More than 50 UN and international agencies have developed an ambitious plan to reduce deaths from cholera by 90 percent by 2030. The new program, which is expected to be launched tomorrow by the Global Task Force on Cholera Control, will help to save lives of some 85,500 people every year.
“WHO [World Health Organization] is proud to be part of this new joint initiative to stop deaths from cholera. The disease takes its greatest toll on the poor and the vulnerable – this is quite unacceptable. This roadmap is the best way we have to bring this to an end,” Tedros Adhanom Ghebreyesus, WHO Director-General, said in a press conference on Tuesday.
Since 1817, when Asiatic cholera first spread throughout Southeast Asia and to the Middle East, eastern Africa and the Mediterranean coast, the waves of cholera have terrified many people.
According to the Center for Disease Control, cholera is an acute, diarrheal illness caused by infection of the intestine with the bacterium Vibrio cholerae. Some 3 to 5 million cases of cholera take place each year and result in up to 143,000 deaths.
The infection is often mild or without symptoms, but it can also be severe. Approximately 1 in 10 people who have contracted this disease experience watery diarrhea lasting a few days, vomiting, and leg cramps. Rapid loss of body fluids leads to dehydration and shock. In some cases, death can occur within hours if left untreated. It can also kill healthy adults.
The cholera bacterium can be found in water or food sources that have been contaminated by feces from a person infected with the disease. It is likely to spread and be found in places with inadequate hygiene, poor sanitation, and insufficient water treatment. Sometimes salty rivers and coastal waters contain cholera bacteria and when people consume raw shellfish, they can be exposed to it.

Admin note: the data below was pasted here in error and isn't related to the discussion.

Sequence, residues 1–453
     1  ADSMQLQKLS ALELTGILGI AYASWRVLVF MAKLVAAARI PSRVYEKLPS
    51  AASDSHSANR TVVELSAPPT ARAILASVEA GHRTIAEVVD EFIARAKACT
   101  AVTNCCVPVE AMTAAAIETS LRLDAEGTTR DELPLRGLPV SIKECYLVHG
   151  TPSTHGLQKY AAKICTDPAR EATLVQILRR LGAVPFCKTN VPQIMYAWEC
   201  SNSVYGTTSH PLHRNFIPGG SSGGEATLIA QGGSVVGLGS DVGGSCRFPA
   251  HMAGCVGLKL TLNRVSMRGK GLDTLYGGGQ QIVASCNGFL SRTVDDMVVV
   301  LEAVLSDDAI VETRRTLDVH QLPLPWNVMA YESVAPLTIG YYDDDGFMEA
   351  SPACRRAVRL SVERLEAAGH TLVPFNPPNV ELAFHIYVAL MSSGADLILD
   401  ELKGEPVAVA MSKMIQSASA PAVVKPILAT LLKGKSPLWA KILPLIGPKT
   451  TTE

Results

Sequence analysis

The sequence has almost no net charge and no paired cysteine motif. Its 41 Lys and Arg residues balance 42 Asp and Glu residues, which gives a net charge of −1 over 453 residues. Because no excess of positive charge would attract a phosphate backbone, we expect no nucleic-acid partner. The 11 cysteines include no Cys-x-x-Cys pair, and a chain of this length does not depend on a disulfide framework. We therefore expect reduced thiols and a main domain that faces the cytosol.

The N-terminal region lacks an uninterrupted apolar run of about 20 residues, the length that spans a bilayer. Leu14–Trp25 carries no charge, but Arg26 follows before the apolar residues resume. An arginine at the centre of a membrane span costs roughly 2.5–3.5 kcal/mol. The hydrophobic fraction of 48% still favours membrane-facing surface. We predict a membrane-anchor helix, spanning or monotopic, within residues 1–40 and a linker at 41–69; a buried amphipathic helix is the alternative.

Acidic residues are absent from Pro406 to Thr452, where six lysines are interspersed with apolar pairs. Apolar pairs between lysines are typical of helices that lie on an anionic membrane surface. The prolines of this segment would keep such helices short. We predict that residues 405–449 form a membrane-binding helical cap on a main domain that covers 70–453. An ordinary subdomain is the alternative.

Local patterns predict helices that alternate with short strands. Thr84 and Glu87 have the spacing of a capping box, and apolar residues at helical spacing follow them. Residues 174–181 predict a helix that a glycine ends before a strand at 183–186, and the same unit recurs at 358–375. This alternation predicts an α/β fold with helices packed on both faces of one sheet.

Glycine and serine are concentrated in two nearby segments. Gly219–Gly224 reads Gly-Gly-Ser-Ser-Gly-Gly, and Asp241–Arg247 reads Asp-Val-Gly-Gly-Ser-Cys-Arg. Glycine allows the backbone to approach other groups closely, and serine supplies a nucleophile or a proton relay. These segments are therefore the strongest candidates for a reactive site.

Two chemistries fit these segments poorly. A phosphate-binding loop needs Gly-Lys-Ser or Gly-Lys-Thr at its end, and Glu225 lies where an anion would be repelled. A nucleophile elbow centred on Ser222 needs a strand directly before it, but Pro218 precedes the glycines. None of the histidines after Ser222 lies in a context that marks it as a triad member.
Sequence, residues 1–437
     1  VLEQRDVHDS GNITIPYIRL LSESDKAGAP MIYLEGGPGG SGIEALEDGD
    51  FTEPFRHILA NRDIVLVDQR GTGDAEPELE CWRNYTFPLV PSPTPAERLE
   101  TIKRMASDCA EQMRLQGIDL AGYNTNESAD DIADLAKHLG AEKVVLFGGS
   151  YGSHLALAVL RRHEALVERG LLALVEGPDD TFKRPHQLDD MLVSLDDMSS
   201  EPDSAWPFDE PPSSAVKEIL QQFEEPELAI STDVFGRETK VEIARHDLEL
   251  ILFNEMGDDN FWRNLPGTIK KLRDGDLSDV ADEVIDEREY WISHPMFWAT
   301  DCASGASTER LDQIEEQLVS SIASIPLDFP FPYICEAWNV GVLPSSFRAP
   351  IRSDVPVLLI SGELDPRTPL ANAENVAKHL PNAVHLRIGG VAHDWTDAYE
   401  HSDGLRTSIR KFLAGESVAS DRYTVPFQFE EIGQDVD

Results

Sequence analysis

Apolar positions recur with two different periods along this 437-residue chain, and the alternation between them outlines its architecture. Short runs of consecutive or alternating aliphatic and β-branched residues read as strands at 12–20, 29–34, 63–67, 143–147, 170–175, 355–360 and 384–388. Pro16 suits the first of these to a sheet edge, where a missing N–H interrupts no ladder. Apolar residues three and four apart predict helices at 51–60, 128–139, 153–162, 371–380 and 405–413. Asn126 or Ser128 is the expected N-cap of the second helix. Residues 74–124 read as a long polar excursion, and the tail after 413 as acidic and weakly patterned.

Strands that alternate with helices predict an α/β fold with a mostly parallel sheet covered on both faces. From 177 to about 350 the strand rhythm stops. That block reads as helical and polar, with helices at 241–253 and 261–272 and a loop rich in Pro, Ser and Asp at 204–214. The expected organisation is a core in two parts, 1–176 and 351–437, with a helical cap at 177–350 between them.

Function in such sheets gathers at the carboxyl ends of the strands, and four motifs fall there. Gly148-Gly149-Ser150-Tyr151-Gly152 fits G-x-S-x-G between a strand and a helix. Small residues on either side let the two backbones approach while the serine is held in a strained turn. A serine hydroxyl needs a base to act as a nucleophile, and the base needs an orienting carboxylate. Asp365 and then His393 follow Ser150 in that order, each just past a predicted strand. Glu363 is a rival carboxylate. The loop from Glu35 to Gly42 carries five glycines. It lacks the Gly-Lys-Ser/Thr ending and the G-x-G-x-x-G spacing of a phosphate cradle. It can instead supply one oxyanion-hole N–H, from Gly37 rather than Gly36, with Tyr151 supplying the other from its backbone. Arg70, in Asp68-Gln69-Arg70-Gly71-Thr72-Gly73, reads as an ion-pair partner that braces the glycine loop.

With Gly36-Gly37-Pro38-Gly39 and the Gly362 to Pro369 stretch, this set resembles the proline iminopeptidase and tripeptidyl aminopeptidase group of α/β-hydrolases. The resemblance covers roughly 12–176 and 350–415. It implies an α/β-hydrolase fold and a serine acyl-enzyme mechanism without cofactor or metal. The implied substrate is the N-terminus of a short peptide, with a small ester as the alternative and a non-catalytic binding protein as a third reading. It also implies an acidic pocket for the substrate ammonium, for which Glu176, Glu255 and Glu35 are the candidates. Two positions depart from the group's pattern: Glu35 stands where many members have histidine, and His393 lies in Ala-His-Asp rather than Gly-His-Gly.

Dr. Ghebreyesus said every death from cholera is preventable nowadays.
“This is a disease of inequity that affects the poorest and most vulnerable. It is unacceptable that nearly two decades into the 21st century, cholera continues to destroy livelihoods and cripple economies. We must act together. And we must act now,” he said.
Because Europe and North America have clean potable water and advanced sanitation systems, these continents have been cholera-free for decades. However, in poorer countries, more than 2 billion people remain without access to safe water and sanitation. This disease continues to affect less fortunate states such as Kenya, Malawi, Mozambique, Nigeria, Somalia, South Sudan, The Congo, and Tanzania.
According to The World Health Organization, the cholera outbreak in Tanzania that began in August 2015, resulted in 11,563 cases and 144 deaths. Impoverished children and individuals with lower immunity are at greater risk of death if infected by the viscous disease.
In order to expel cholera worldwide, clean drinking water and proper sanitation must be provided to all people and countries, according to WHO. Education on health and cleanliness must also be implemented and good hygiene should be taught.
In addition, prompt treatment of cholera must be managed properly by providing medical supplies such as diarrheal disease kits. Community leaders should be in the forefront for the eradication of cholera by pushing towards better access to water, effective sanitation, and proper waste management.
WHO urged heavy involvement of the media to spread information and education in order to communicate what the proper procedures are to prevent cholera.